The Queen and Sandringham
For several decades the Queen and Prince Philip have made it a tradition to attend the Christmas and New Year’s Day services at the Church of St. Mary Magdalene, a short walk from the Queen’s country home, Sandringham House. This year, that tradition was broken and Prince Philip had to attend without the company of his bride of almost 70 years. In fact the couple, who had been laid up with such severe colds prior to Christmas, were forced delay their trip to Sandringham by a day, and had to travel there by helicopter, rather than by train as is their custom.
The Queen leaving Christmas
While the sprightly 95-year-old Prince Philip seems to have made a full recovery, as of the time of writing this missive, it’s been two weeks since the 90-year-old monarch has been seen in public. Given that Sandringham House was where two British monarchs drew their last breaths – George V in January of 1936 and the Queen’s father George VI in February of 1952 - folk in the UK are understandably on tenterhooks waiting to hear news of their sovereign’s health.
Sandringham House is one of two residences privately owned by the Royal Family – the other being Balmoral in Scotland. Sitting on 20,000 acres of land near the village of Sandringham in the county of Norfolk, the house was originally purchased in 1862 by Queen Victoria for her son "Bertie", the then Prince of Wales, and his Danish bride Princess Alexandra. The young couple, who reigned as King Edward VII and Queen Alexandra expanded the home and Alexandria lived there until her death in 1925. Their eldest son, Prince Albert, also died at Sandringham House in January of 1892, having contracted the flu during their traditional Christmas gathering, which turned to pneumonia.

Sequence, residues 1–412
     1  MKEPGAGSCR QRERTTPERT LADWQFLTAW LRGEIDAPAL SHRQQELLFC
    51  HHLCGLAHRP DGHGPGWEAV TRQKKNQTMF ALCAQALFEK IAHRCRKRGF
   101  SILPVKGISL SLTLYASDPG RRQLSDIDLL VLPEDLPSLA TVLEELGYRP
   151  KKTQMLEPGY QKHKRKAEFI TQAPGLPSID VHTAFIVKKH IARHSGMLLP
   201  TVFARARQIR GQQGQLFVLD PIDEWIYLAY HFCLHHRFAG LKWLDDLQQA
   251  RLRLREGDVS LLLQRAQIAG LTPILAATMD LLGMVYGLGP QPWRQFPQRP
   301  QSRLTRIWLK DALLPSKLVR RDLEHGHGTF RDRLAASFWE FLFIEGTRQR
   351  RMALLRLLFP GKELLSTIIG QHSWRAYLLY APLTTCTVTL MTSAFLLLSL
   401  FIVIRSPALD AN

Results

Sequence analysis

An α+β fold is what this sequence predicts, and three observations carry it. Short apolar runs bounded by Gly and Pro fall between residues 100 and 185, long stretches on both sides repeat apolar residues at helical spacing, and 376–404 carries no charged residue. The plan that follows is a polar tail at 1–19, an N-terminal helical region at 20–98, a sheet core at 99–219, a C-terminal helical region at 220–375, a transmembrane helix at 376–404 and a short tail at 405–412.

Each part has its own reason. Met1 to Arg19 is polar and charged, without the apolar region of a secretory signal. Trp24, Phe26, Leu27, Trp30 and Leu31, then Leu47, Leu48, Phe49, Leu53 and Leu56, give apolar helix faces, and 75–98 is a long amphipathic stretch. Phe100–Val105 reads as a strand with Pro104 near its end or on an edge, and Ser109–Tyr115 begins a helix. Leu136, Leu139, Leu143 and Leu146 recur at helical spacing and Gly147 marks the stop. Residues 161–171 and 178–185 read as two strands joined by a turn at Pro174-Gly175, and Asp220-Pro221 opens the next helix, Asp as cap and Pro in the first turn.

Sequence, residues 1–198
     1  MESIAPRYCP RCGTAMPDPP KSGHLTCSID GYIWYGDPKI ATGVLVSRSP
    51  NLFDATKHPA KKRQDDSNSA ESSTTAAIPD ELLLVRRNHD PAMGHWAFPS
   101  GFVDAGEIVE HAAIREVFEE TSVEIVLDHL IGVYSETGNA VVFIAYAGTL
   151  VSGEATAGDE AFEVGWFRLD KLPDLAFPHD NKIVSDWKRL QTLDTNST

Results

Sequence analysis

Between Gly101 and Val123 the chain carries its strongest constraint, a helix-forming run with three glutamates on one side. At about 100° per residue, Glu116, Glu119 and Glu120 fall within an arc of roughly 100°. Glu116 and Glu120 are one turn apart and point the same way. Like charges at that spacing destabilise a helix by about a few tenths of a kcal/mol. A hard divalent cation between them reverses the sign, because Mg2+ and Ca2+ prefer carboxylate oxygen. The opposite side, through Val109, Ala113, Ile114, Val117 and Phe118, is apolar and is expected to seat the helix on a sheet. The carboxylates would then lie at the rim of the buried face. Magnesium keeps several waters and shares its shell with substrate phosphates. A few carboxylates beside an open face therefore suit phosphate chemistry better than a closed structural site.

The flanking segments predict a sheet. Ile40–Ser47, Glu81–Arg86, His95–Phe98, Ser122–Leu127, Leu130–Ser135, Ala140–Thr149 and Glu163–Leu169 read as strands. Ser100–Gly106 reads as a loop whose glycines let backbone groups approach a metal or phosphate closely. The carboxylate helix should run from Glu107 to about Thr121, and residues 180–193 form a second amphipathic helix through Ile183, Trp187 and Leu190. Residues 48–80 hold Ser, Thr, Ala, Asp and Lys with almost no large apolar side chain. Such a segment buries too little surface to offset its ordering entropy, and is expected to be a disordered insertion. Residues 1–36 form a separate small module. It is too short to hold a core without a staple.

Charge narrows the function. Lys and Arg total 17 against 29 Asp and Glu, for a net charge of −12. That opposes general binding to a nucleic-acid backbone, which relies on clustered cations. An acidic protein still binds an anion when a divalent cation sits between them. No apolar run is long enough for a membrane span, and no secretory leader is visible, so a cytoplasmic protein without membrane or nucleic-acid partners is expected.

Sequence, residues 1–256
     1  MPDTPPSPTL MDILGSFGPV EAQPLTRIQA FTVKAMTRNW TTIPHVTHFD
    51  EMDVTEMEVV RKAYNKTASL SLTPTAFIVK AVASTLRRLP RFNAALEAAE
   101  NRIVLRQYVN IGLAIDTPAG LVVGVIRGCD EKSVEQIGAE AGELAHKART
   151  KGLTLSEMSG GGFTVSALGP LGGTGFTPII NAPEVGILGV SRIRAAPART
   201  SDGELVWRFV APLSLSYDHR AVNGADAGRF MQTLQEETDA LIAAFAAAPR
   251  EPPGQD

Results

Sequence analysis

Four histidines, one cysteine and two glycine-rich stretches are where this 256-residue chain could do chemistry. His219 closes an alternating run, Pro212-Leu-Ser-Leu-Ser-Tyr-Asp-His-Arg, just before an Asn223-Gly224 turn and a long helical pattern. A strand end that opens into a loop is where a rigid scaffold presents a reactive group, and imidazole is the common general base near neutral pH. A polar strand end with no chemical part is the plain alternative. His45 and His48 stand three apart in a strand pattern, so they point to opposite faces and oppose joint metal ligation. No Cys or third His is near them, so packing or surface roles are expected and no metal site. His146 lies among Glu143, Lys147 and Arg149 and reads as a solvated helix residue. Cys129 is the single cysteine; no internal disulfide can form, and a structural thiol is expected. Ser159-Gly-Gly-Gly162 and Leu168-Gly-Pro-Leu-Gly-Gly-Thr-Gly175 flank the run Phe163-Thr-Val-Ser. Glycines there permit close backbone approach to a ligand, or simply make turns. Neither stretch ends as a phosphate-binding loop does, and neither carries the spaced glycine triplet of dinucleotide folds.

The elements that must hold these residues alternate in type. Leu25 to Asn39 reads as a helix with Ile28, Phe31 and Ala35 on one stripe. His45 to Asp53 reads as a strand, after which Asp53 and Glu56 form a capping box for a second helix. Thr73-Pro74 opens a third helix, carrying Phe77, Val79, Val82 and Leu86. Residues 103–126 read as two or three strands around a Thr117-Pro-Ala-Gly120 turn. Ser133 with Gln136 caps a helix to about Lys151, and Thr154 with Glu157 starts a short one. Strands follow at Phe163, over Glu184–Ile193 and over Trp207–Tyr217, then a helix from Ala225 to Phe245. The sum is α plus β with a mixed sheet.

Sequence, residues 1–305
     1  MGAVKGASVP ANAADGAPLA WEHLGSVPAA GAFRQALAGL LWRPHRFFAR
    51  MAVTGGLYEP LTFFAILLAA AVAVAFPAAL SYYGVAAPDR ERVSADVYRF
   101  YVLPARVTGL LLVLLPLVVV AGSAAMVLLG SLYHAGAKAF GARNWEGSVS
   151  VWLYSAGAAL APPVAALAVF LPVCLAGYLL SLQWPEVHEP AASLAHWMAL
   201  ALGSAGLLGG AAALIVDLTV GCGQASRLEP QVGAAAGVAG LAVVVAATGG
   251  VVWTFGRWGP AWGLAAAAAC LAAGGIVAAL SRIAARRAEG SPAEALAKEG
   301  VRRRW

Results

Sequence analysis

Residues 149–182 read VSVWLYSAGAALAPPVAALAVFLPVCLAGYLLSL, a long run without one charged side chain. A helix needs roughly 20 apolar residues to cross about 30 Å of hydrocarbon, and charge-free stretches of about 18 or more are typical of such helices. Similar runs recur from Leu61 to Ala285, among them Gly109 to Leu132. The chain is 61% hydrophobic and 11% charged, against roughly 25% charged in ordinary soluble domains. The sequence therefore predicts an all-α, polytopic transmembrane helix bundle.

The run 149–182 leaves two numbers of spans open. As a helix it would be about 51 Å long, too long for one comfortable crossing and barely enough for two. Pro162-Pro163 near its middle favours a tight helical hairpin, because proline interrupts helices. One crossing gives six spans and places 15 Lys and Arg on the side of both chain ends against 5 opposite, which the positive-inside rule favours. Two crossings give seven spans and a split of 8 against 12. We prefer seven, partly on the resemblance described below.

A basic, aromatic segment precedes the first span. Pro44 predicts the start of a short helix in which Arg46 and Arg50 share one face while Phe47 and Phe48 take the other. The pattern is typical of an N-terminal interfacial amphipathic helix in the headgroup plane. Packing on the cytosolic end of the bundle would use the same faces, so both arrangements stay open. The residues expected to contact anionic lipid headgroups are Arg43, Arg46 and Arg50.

Church of St. Mary Magdalene, Sandringham
Eighty years ago the beloved Sandringham Estate, of which King George V once declared to be "Dear old Sandringham, the place I love better than anywhere in the world”, almost passed out of the Royal Family’s hands. It had been handed down on the King’s death to his successor Edward VIII, who may have been willing to give up his role as King to marry the woman he loved, but who was not willing to give up his royal legacies without a fight. Pleading poverty, the soon to be Duke of Windsor not only negotiated that his replacement pay him what in today’s money would be a million dollar a year settlement, but that his younger brother, the incoming King George VI, also buy out his life interest in Sandringham and Balmoral.
Outside the Church 2011
The cost for both estates back in 1937 was £300,000, or the equivalent of ten million pounds (about $12 million) today, the amount of which was paid, without help from the Government, out of George VI’s personal funds. It was not until after the Abdication that George VI discovered that his older brother had, during the decades he spent as the Duke of Cornwall (a financially lucrative title only bestowed on the oldest living son and heir apparent of the monarch) accumulated the equivalent of what today would be fifty million dollars.
George VI’s wife, Elizabeth the Queen Mother, reportedly never forgave the Edward VIII for abdicating and for propelling her husband into a position he didn’t desire and for which he felt unprepared. Had George VI not become King though, his daughter Elizabeth might never have become the world’s longest and most loved reigning monarch.
Today we wish Her Majesty, Queen Elizabeth II, a happy and especially a healthy New Year.